U.S. stocks finished in the negative during the regular trading session on Mar 3 as a spike in bond yields took the steam out of the market rally. The 10-year Treasury Yield, in particular, jumped as high as 1.49% yesterday before slipping slightly. Lest we forget, the 10-year Treasury Yield touched a high of 1.6% last week.
In contrast, the broader S&P 500 and the Dow finished in the red, with the tech-laden Nasdaq dropping below the coveted 13,000mark. The index also notched its largest two-day percentage as well as point declines since Sep 8, 2020, per Dow Jones Market Data, as quoted in a
But why did the rise in bond yields spook stock investors? This is because an increase in bond yield easily reduces the attractiveness of stocks, especially growth-oriented ones, since they are perceived as riskier investments. Moreover, many are concerned that a rise in bond yields may compel the Fed to tighten monetary policy sooner than later, which certainly doesn’t bode well for stocks. After all, stocks have gained considerably for quite some time now on easy monetary policy since it helps in fuelling economic as well as job-market growth.
Nevertheless, it is also true that stretched valuations are impacting stocks at the moment, while a couple of discouraging economic data dampened investors’ confidence recently. Many anticipated the labor market to recoup this year following the harsh winter weather conditions. However, weaker-than-anticipated reading on private job additions indicated how hard it is for the US economy to recover jobs that have been lost due to the coronavirus pandemic vis-à-vis the strict shutdown measures imposed by the government.
As mentioned in a
businessinsider article, per Automatic Data Processing, Inc.’s (ADP) monthly employment report, private payrolls in the United States increased by 117,000 last month, way less than analysts’ expectations of an increase of 200,000 payrolls.
Meanwhile, growth in the service side of the U.S. economy fell sharply last month, a tell-tale sign that the jobs market isn’t out of the woods yet. After all, it is the U.S. service sector, where most Americans work. The non-manufacturing index of the
Institute of Supply Management came in at 55.3% in February, down 3.4% from January when service side activity almost touched a two-year high. Alarmingly, a sharp drop in new orders resulted in a much bigger-than-anticipated decline in the non-manufacturing index.
Such depressing developments, in fact, overshadowed optimism on the vaccine front. No doubt, the rate of vaccination has improved substantially in recent times. At the same time, the Biden administration’s $1.9-trillion coronavirus relief aid isn’t a done deal yet. The unemployment insurance part in the deal continues to remain a difference of opinion among the Democrats.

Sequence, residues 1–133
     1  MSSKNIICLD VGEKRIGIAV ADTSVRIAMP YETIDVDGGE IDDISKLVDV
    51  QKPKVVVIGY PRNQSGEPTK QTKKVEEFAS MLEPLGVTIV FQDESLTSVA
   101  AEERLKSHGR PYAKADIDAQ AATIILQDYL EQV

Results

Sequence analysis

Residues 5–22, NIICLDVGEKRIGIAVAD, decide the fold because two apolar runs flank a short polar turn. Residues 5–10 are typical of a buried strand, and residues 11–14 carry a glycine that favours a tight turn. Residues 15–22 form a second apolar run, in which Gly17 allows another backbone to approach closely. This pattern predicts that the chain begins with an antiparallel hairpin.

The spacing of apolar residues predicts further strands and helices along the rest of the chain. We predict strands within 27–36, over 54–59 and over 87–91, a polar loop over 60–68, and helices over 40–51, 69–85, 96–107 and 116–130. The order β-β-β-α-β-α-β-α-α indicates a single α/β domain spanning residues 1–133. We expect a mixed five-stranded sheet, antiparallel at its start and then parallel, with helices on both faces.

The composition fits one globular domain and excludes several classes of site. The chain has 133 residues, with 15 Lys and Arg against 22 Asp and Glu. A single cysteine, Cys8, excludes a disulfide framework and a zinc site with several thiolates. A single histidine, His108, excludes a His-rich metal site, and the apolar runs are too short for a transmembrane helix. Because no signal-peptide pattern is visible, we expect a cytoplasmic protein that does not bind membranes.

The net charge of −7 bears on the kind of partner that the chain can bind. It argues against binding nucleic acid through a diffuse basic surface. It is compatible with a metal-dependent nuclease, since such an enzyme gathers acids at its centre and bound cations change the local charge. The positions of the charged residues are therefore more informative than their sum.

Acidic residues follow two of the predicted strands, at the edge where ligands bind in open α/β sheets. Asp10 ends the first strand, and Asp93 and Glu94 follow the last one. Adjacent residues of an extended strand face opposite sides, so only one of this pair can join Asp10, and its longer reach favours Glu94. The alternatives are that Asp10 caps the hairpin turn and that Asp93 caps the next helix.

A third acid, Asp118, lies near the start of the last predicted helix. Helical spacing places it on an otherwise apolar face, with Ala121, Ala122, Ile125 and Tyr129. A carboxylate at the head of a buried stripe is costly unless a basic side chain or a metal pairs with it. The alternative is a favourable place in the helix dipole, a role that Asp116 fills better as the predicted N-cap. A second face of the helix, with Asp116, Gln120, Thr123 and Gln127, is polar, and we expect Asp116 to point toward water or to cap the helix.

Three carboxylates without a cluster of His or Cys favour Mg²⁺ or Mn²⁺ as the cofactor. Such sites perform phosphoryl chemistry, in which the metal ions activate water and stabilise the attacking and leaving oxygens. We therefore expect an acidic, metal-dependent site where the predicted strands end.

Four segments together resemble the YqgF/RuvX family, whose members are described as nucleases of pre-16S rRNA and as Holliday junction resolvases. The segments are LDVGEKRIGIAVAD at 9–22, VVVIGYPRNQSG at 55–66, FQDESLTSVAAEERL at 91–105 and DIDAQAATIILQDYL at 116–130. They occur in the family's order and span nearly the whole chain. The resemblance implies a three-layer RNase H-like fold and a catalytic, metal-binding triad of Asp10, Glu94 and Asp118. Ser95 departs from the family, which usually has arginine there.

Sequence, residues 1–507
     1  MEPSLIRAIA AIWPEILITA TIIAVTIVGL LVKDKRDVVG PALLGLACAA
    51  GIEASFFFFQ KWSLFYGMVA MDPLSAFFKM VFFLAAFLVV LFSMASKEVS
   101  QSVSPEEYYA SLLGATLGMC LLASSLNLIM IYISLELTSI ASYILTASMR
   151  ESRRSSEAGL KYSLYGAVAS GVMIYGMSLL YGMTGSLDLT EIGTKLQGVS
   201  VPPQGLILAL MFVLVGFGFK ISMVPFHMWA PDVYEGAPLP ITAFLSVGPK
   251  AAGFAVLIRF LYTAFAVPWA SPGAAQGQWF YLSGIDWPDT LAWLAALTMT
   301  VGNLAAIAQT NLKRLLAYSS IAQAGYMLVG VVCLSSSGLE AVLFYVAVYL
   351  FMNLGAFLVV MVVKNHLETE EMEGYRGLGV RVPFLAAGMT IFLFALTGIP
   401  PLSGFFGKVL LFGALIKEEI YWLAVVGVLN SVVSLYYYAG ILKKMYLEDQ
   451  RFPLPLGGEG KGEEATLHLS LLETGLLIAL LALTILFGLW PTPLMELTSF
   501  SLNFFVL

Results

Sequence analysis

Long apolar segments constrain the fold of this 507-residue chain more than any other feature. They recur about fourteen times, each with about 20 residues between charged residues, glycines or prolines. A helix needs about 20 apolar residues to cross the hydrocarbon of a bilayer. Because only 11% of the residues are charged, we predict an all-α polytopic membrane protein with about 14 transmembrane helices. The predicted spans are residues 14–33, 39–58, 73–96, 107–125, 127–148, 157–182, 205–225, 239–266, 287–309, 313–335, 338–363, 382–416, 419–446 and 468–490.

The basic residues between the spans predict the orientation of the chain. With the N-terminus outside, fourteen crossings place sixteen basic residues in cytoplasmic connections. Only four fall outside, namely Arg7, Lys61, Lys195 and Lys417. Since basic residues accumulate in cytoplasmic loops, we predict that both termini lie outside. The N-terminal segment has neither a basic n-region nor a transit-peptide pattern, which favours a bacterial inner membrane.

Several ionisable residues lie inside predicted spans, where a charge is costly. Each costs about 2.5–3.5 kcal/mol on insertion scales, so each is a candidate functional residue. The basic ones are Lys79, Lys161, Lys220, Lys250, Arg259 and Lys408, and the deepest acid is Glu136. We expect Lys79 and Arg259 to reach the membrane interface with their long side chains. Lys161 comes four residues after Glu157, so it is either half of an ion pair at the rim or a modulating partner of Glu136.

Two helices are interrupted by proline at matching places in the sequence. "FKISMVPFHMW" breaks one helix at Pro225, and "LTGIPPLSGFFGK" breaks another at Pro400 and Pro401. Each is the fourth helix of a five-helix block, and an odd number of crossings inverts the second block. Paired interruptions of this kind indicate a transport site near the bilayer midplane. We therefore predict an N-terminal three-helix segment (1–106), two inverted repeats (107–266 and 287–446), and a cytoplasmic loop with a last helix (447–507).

But amid all the hopelessness, one shouldn’t shun equities completely. In fact, one can invest in dividend payers without fretting over the stock market performance. This is because dividend payers are known for having sustainable business models and do have a long track of profitability. They are also unperturbed by market gyrations.
We have, thus, highlighted five such stocks that have a Zacks Rank #1 (Strong Buy) or 2 (Buy) and provide high yields.
Alexanders, Inc. ( ALX Quick Quote ALX - Free Report) is a real estate investment trust engaged in leasing, managing, developing and redeveloping properties. The company has a Zacks Rank #1. Alexanders has a dividend yield of 6.5%, while its five-year average dividend yield is nearly 5%. The company’s expected earnings growth rate for the current year is 22%. Compass Diversified Holdings ( CODI Quick Quote CODI - Free Report) was formed to acquire and manage a group of middle market businesses that are headquartered in North America. The company has a Zacks Rank #2. Compass Diversified has a dividend yield of 6%, while its five-year average dividend yield is 8.4%. The company’s expected earnings growth rate for the current year is 31.3%. Exxon Mobil Corporation ( XOM Quick Quote XOM - Free Report) explores for and produces crude oil and natural gas in the United States and internationally. The company has a Zacks Rank #2. Exxon Mobil has a dividend yield of 6.2%, while its five-year average dividend yield is almost 4.9%. The company’s expected earnings growth rate for the current year is 751.5%.You can see the complete list of today’s Zacks #1 Rank stocks here. Lazard Ltd ( LAZ Quick Quote LAZ - Free Report) is one of the world’s major financial advisory and asset management firms. The company has a Zacks Rank #2. Lazard has a dividend yield of 4.6%, while its five-year average dividend yield is 4.4%. The company’s expected earnings growth rate for the current year is 10.8%. Janus Henderson Group plc ( JHG Quick Quote JHG - Free Report) is an investment management company. The company has a Zacks Rank #1. Janus Henderson Group has a dividend yield of nearly 4.9%, while its five-year average dividend yield is 4.8%. The company’s expected earnings growth rate for the current year is 15.3%. The Hottest Tech Mega-Trend of All
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